- Because both parents are working breeds, Corgi Shepherds love to help with chores around the house
- The breed loves nothing more than attention from their human family – they’re very affectionate animals
- Because of their fierce loyalty to their human family, most Corgi Shepherds will need early socialization to play well with other dogs
- Because of their German Shepherd heritage, Corgi Shepherds are highly protective of their owners
- The Corgi Shepherd can easily put on excess weight because of their small size, so be sure to feed them carefully
Things You Should Know
As with any breed, there are a few key things you should know before you bring a Corgi Shepherd into your life:
- They’ll be loyal for life
Any dog is a big commitment, but because Corgi Shepherds are particularly loyal, they will want to stay with their human family forever, and are unlikely to handle re-homing well. For this reason, it’s absolutely vital that you can provide a stable, loving home for your new pooch, and think very carefully about the decision to adopt one before brining them into your life.
- They need plenty of exercise
Since both parents are working breeds, it stands to reason that the Corgi Shepherd requires plenty of exercise – along with mental stimulation. They’re a great pet for active households, but may be a bit of a handful for owners who work long hours, and don’t have others about to help out.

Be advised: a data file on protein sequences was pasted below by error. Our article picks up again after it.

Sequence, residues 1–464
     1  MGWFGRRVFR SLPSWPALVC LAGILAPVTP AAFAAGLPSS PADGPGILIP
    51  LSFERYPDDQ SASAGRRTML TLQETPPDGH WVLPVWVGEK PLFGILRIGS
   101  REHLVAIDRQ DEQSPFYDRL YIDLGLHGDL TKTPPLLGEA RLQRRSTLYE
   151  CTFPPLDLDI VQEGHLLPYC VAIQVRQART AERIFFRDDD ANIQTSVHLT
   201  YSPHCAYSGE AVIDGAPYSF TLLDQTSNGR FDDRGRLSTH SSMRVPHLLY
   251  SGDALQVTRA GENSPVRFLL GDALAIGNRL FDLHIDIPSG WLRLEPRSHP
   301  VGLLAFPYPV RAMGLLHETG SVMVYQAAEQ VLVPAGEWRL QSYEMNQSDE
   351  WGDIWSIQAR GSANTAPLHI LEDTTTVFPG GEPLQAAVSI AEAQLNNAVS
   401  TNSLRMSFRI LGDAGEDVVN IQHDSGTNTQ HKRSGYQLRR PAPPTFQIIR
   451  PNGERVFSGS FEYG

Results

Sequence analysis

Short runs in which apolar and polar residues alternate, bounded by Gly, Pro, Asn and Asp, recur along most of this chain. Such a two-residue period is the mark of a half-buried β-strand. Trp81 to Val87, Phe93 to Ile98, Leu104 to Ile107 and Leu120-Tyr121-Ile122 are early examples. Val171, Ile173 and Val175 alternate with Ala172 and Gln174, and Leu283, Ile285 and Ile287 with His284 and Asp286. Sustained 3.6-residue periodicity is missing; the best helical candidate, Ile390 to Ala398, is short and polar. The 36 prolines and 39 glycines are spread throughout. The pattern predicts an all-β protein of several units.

- They require daily brushing
All dogs need regular grooming to stay in tip-top shape, but it’s worth knowing that the Corgi Shepherd requires a little more than average. Havin inherited a double-layered coat from their German Shepherd parent, these pooches need a quick brush every day.
- Plenty of attention is crucial
As mentioned earlier, Corgi Shepherds love to receive plenty of attention from humans. This means they should be involved in family activities to keep them engaged.
- You’ll have to train away their bossiness
Following their herding instincts, Corgi Shepherds can be a bossy lot. Luckily, owners can train this stubbornness away, but the process must be started early in the dog’s life, and takes a little patience.
- They’re excitable
Like many small dogs, the Corgi Shepherd is an excitable breed, and you might notice a proclivity to bark. By maintaining a calm home, and regular schedule, you can cut down on the noisiness. However, you’ll probably find your Corgi Shepherd is a little more vocal than the average dog no matter what.
Different breeds of dog are prone to different health conditions. This is equally true of the Corgi Shepherd.
Below, we run through the most common health conditions affecting the breed, including what symptoms to look out for, and how you can reduce the risk of your dog developing them.
- Joint dysplasia
Joint dysplasia is the most common reason why dogs develop elbow pain and lameness. It’s triggered by abnormal cell growth, and tends to have a genetic basis. Along with Labradors and bearded collies, German Shepherds are especially prone to the condition, meaning that some Corgi Shepherds inherit it.